Glass-making or glass-working? Yahorlyk settlement in the light of recent research
Due to the absence of direct data on glass-making facilities in the Mediterranean Europe prior to the Hellenistic period, the Yahorlyk workshop (VI century BC) gains a particular importance. The workshop is situated along the coast of Yahorlyk bay, a shallow and long body of water in the Southern Ukraine, Kherson region. It was investigated on numerous occasions since 1972 and yielded abundant evidence of iron-production and bronze-working. The glass objects (remains of vitreous by-products, broken and complete beads etc.) are also common. Over 60 samples of glass were analyzed by A.S. Ostroverkhov and V.A. Galibin in 1980-ies. These results eneabled A.S. Ostroverkhov to put forward a hypothesis of local glass production at the Yahorlyk site. This paper tests this hypothesis on the basis of re-analysis of old dataset and a small series of samples treated by modern, enhanced methods of chemical analysis XRF, SEM-EDS and ICPMS in Hercules laboratory at Evora (Portugal).
The old dataset, when revisited, revealed evidence of three types of glass that were worked by Yahorlyk craftsmen: low magnesia, high magnesia and a particular «third» type, which characteristic for glass pieces of undefined shape. These types are not only different by ratio of potassium and magnesium but also have a variable chemical composition in general. Namely, the percentage of alumina varies greatly: it are almost absent in low magnesia glass and relatively high in high magnesia glass. It is low in the objects of the «third» type as well, making this chemical type similar to low magnesia glass.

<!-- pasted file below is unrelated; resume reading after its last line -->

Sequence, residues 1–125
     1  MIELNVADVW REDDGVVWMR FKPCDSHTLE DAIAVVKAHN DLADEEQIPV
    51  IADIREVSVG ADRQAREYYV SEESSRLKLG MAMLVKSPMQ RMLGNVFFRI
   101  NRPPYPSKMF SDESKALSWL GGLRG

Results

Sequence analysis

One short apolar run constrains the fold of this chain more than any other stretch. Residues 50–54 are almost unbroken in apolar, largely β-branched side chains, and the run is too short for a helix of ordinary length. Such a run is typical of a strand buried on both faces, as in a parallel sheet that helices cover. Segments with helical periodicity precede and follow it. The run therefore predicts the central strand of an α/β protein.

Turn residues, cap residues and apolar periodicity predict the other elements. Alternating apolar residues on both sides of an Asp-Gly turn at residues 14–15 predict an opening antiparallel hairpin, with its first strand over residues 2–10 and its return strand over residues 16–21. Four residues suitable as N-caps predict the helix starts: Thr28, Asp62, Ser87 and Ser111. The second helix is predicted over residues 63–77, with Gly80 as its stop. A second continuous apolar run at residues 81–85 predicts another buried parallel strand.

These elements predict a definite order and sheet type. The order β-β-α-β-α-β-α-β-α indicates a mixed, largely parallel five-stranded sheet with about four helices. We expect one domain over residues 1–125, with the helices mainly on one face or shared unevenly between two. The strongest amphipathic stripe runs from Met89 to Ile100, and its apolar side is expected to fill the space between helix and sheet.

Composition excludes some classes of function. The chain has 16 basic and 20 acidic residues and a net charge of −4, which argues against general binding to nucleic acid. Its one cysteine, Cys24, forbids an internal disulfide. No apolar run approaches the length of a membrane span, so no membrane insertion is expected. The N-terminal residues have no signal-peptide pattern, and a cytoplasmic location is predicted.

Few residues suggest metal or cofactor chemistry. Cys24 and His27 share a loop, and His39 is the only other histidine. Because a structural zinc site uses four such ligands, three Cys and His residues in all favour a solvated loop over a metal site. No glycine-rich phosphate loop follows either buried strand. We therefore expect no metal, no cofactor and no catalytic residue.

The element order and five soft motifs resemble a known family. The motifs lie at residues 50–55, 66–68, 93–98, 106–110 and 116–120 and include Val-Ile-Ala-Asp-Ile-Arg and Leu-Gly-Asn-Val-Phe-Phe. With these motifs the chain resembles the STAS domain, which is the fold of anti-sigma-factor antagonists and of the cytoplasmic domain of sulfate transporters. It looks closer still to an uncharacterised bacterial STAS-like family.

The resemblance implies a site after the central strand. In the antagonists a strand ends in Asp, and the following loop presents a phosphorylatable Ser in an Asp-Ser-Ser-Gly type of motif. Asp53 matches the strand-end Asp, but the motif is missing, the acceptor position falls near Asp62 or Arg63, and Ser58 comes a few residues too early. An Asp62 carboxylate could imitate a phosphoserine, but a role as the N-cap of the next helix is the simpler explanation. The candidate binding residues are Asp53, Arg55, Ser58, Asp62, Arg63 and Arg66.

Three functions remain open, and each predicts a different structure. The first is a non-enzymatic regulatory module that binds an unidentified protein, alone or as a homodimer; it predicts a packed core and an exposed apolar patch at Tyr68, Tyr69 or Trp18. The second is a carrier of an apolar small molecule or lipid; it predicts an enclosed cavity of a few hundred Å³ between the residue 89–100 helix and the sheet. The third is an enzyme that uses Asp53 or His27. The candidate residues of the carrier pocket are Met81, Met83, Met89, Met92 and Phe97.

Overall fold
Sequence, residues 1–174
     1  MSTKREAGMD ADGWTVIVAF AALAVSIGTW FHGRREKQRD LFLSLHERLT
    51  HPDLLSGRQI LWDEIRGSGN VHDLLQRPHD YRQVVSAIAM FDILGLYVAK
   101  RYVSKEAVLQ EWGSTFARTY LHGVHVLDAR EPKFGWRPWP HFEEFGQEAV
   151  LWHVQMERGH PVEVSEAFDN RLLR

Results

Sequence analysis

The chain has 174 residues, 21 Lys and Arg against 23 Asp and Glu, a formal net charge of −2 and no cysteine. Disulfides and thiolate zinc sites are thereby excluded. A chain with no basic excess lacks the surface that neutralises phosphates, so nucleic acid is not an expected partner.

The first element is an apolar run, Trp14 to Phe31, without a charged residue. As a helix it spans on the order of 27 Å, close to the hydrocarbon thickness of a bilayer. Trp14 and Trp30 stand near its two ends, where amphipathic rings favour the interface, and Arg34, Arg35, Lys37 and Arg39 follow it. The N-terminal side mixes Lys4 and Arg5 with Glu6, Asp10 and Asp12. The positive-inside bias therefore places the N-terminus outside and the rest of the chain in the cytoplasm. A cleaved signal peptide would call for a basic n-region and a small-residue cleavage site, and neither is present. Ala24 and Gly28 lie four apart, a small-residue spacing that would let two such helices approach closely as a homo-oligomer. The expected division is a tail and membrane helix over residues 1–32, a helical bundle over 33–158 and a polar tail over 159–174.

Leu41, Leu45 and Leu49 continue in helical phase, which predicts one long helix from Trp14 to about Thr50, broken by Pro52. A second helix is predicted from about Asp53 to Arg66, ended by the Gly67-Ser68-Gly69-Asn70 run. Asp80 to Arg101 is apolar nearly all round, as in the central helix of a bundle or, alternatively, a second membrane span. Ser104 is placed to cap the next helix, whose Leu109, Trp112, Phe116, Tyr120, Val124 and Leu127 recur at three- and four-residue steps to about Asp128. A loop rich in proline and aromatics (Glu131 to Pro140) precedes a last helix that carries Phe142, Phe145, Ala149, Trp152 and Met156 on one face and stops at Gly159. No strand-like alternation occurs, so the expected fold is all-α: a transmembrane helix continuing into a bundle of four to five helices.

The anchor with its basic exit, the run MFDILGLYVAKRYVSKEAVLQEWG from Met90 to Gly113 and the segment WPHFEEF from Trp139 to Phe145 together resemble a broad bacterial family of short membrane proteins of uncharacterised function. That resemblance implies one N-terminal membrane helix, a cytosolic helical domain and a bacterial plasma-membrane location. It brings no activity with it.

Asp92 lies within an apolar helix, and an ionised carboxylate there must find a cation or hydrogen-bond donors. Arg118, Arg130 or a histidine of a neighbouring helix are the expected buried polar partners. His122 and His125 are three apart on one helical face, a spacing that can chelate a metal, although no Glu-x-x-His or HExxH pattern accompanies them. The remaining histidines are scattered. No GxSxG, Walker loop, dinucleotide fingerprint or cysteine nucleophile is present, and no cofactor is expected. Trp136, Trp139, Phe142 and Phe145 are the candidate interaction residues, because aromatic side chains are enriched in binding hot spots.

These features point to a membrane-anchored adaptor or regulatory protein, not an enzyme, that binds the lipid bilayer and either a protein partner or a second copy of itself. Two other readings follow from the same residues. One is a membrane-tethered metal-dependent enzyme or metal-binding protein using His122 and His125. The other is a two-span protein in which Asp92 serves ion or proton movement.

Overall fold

The samples of sands were selected at different outcrops around the settlement and the content of rare earth elements (REE) was studied. Several samples were rejected as possible sources of sand for glass production. However, two samples (Qua and Iv-s) demonstrate significant similarities with REE composition in glass beads from Yahorlyk site.
Low magnesia glass beads (biconical beads) form two distinct groups on the graph of REE. Thus, at least two different types of sands were employed in their production. None of the local sand samples resembles chemical composition of biconical beads. Low magnesia glass was imported from elsewhere and the beads were produced from that material on the site.
High magnesia glass beads (mostly eye-beads) appear to correlate in the REE graphs of two sand samples Qua (sand from a quarry on the southern coast of Dnieper bay) and Iv-s (sand from the plane where one of the Dnieper presently non-existent branches entered Yahorlyk bay). The latter has too high content of alumina to be a source of sand for the beads analyzed recently. However, there were several beads with equally high alumina content in the old dataset. The former sediment sample (Qua) corresponds the REE composition of high magnesia beads from the Yahorlyk site and can be a source of raw material for their production. High magnesia glass could be produced at the Yahorlyk workhop and later worked into eye beads there.
Thus, new analyses proved an old hypothesis of A.S. Ostroverkhov about local glass-making at the Yahorlyk workshop. This fact makes the site of Yahorlyk a crucial archaeological source for research on Archaic glass-working in the Pontic Region as well as in the ancient Greece and Mediterranean basin in general.
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